36,000 people will run the Boston Marathon for the first time since the bombings, and many runners want to reclaim the race. We’ll be at the finish line.
The effects of pay-to-play on high school sports
Experts take a look at the effects on families and students when high schools charge them to play sports.
Sarah Clark, research assistant professor for the University of Michigan, and Arizona Republic columnist Scott Bordow agree that charging students to play sports can have negative effects. Clark says a study found 20 percent of households with a yearly income less than $60,000 said they felt the effects of having to pay more for sports participation.
Bordow says schools in less wealthy areas see a decrease in participation when there’s a participation fee, even when waivers are available. Clark says that families who don’t qualify for waivers may need help, too, but aren’t getting the attention they need. She says kids get more than physical activity from sports, the also learn how to work hard toward their goals. Bordow says a lot of parents realize the importance of sports and still manage to find creative ways to have their kids participate despite fees.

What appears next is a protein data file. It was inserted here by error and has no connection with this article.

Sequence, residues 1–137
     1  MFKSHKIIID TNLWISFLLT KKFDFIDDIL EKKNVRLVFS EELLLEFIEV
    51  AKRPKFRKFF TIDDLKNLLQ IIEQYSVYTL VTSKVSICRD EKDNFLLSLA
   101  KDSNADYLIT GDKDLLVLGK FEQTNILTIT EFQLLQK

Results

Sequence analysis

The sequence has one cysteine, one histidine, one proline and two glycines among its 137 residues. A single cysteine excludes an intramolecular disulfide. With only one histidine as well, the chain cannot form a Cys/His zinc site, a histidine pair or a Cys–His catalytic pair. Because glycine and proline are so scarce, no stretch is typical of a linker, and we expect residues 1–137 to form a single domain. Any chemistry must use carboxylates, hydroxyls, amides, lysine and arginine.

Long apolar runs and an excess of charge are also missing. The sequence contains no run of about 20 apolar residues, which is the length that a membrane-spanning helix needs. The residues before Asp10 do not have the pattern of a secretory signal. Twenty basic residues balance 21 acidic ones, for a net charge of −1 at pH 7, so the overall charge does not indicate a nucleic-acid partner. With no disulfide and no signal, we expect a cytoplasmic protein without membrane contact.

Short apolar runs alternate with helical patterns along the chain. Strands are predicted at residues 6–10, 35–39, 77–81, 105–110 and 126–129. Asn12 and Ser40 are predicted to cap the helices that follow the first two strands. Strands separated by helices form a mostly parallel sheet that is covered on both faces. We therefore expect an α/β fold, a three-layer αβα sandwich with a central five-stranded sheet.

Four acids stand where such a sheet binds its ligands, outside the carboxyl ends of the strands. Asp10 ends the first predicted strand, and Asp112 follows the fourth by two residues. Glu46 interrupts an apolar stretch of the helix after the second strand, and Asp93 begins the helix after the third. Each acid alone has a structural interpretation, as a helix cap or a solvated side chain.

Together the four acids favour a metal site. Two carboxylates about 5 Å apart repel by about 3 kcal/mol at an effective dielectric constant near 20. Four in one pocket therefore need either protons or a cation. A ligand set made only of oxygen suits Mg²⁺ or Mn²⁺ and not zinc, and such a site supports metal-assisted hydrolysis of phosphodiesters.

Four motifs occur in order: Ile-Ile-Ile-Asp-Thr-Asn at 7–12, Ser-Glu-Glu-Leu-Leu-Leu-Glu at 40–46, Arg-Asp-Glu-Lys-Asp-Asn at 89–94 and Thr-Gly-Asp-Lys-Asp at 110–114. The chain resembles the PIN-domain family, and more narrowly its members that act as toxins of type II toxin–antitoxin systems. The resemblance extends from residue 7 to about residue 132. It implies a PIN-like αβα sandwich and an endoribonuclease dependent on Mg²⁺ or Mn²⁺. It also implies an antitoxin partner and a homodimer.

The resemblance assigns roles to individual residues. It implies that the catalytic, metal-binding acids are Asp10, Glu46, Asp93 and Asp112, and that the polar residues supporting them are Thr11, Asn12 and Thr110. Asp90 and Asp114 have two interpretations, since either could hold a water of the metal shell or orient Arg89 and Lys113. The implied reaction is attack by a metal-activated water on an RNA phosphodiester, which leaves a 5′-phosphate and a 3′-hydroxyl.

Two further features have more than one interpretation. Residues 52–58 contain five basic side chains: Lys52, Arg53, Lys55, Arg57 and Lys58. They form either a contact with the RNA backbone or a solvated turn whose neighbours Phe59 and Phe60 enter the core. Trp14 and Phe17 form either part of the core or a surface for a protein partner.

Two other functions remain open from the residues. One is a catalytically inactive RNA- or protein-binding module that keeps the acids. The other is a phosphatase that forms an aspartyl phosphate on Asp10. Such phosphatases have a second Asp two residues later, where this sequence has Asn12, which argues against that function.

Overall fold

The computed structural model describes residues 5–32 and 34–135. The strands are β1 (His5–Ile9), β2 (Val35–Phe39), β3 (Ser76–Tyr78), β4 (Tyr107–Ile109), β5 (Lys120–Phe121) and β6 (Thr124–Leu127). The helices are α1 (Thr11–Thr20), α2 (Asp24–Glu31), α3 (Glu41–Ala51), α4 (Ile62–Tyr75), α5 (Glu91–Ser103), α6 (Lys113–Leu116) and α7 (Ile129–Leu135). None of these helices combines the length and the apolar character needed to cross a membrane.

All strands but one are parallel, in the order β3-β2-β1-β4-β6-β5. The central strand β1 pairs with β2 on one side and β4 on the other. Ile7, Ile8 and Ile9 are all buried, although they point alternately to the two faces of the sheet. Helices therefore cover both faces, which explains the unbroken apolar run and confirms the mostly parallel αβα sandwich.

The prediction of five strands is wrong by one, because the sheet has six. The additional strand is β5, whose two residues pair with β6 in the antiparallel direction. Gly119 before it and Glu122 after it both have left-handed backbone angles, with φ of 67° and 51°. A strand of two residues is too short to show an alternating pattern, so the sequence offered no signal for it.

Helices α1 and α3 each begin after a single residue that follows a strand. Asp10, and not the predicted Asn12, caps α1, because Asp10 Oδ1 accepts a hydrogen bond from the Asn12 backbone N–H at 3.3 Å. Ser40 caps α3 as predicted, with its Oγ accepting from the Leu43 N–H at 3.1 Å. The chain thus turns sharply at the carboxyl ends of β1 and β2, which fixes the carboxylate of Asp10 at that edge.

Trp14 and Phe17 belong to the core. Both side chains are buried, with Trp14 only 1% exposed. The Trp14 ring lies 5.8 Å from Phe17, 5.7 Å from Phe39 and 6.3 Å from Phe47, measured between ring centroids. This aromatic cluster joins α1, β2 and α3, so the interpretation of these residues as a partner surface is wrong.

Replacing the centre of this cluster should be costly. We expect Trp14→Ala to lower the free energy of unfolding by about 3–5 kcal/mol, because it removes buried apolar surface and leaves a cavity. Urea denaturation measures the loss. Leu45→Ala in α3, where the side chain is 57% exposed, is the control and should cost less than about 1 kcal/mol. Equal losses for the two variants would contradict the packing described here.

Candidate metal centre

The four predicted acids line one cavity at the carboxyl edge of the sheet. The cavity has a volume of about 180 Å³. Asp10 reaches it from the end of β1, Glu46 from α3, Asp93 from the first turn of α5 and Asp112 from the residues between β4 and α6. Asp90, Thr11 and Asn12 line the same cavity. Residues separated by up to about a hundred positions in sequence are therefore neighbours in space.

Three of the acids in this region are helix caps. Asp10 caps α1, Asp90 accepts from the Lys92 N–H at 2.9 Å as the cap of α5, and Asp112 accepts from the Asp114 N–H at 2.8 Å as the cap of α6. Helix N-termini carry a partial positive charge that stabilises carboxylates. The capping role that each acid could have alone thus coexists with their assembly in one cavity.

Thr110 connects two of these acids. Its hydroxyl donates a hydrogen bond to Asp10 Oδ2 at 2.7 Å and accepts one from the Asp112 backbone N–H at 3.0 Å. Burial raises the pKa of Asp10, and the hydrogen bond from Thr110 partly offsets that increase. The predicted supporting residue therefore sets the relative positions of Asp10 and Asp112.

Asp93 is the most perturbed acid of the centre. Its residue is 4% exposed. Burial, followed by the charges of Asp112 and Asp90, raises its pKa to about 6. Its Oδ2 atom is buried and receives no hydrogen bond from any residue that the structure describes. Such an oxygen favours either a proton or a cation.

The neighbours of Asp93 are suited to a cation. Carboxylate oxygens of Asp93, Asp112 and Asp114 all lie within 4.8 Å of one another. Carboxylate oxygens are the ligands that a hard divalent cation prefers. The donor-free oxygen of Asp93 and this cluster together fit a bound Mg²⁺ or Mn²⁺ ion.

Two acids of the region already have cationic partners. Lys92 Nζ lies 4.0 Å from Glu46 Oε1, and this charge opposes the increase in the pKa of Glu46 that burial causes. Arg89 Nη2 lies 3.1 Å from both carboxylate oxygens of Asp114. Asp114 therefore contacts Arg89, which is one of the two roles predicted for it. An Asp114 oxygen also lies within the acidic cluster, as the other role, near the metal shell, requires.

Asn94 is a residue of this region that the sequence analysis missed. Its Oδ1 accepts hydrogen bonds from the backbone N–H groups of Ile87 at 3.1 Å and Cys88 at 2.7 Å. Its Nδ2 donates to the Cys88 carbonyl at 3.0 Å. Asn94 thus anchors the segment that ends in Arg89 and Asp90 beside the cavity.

Nick Blumberg interviews Bob Cook, who writes the "Your Kid's Not Going Pro" blog.